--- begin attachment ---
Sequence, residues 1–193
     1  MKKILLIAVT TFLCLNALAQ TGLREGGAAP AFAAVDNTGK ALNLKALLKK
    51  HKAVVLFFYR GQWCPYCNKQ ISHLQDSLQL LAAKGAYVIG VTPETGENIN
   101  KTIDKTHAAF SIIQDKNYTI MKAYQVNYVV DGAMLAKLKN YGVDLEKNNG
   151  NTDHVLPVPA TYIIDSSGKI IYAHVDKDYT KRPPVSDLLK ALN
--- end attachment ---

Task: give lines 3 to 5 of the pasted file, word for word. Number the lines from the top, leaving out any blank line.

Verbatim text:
    51  HKAVVLFFYR GQWCPYCNKQ ISHLQDSLQL LAAKGAYVIG VTPETGENIN
   101  KTIDKTHAAF SIIQDKNYTI MKAYQVNYVV DGAMLAKLKN YGVDLEKNNG
   151  NTDHVLPVPA TYIIDSSGKI IYAHVDKDYT KRPPVSDLLK ALN